Passion drives me: Tanga Wekwa Sando

HARARE - Township jazz maestro Tanga Wekwa Sando, 62, says his career is not driven by the desire to make money and win awards.

The Harare-born artiste, who has won several accolades over the past 45 years, told the Daily News on Sunday that his career has him given many other benefits that money cannot buy.

“I have never been in the music industry for money but for self-gratification. I cannot say music has not paid me for the past 45 years but self-gratification has driven me on.

“I have been motivated by the fact that people or fans appreciate my music and by the fact that my music has moved people one way or the other. That alone cannot be monetised. There is intrinsic value in it,” said the Buhera singer.

Sando added that his music career is anchored on creating top-class music and helping upcoming artistes.

“My wish now is to build an arts centre in Highfield (PaFio) which will empower youths and women in various arts sector . . . it is also my wish to set up digital studios at the facility,” said the veteran musician.

In his bid to achieve his aims, the Wake hit-maker, who was born Ernest Tanga Kambadzo Sando, built PaFio Outdoor and Entertainment Centre at Machipisa Shopping Centre in Highfield.

“Yes, this is part of my plans of helping out artists in the area I grew up in. I am glad that the one who is running a night club at the joint is furthering my dreams of promoting artistes,” Sando said.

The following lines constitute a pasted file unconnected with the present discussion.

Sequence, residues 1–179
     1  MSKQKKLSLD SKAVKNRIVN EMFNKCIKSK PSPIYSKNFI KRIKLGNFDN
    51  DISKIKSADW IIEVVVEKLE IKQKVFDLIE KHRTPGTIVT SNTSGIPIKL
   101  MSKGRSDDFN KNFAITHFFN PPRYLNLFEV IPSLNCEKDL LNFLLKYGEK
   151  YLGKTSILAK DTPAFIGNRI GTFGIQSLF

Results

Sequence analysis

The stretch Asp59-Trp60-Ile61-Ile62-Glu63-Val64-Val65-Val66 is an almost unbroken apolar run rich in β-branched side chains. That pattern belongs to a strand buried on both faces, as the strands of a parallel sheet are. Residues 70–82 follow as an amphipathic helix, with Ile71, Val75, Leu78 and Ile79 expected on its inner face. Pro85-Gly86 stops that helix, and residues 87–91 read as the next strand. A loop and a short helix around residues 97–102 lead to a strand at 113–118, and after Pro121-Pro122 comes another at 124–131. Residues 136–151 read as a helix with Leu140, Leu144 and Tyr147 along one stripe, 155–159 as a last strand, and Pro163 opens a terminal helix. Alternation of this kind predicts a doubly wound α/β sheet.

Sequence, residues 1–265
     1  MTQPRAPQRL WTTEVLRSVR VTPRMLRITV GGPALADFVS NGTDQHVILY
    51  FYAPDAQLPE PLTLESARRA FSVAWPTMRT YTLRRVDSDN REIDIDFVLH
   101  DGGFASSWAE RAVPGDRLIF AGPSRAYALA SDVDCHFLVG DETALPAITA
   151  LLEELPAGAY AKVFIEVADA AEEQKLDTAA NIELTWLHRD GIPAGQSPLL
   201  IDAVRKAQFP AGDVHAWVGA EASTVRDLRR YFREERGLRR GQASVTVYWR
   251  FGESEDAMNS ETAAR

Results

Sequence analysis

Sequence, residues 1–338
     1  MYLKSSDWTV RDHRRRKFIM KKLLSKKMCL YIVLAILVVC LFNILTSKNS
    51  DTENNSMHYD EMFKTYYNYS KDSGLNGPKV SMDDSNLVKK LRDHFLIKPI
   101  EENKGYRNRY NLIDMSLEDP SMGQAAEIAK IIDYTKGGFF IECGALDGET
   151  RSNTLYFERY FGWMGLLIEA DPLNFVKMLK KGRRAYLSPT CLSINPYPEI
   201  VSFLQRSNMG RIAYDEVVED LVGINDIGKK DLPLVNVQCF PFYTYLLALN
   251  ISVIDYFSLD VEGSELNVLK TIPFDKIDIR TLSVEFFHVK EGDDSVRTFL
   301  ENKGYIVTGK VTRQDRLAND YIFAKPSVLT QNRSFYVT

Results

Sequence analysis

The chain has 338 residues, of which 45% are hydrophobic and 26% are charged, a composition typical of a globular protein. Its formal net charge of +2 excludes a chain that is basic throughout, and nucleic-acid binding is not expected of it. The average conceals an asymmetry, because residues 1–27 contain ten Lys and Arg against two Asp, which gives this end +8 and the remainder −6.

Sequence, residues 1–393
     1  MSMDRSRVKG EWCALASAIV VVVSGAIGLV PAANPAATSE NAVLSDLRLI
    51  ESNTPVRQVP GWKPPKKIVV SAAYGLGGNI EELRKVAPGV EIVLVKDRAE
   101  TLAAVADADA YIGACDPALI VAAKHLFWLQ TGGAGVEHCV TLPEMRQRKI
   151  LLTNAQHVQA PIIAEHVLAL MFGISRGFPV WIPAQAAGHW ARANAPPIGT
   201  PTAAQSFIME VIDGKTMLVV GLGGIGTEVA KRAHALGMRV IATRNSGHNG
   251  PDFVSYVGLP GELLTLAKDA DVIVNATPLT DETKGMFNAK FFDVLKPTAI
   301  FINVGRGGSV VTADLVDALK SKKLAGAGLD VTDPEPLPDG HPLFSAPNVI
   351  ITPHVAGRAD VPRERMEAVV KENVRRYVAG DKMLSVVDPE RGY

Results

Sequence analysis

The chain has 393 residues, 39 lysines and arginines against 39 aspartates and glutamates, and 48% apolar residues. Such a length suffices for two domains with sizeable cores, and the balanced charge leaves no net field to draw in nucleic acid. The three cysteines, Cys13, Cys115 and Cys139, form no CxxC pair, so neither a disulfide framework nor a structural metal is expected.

Though he attained a degree in international economics from University of Indiana in the United States of America, Sando insisted in an interview with the Daily News on Sunday that his passion has always been in the arts.

“When I came back from the United States of America, I could have come along with gadgets such as photocopiers, fax machines and printers for re-sale in Zimbabwe but I only came with my head.

“During those days (1980s), people were buying houses in low density suburbs by just shipping these gadgets but I spend most of my time in foreign studios chasing my passion in arts,” he said.

The township music star, who has not released an album for close to a decade, hopes to end the drought before the end of the year. Sando has lined up an album titled Knock Knock which has three tracks that featured the late Sam Mtukudzi who passed on in 2010 following a tragic car accident that also claimed the life of his friend and sound engineer, Owen Chimhare.

“It is a 10-track album where reloaded Tanga knocks on the doors of his fans’ hearts. I featured the late Sam Mtukudzi on the tracks Ndiyeye (Nguye), Owakhe — a Ndebele and English version of the hit Wake as well on Mai Bhoyi Ndauya. The late Sam played alto-saxophone and it was before his death in 2010,” the 62-year-old artiste said.

He added that the forthcoming album was produced by Munyaradzi Viyali, who has worked with top artistes like Suluman Chimbetu and Jah Prayzah.

Tanga Wekwa Sando’s long music career started in the 1970s as part of the Salvation Army Youth Band in which he played the tambourine, saxophone and trombone.

The Township Jazz veteran then went on to join a string of bands that included The Harare Mambos and Movement. His colourful career also presented him with opportunities to play alongside celebrated artistes such as Bothwell Nyamhondera, Jethro Shasha and Louis Mhlanga.

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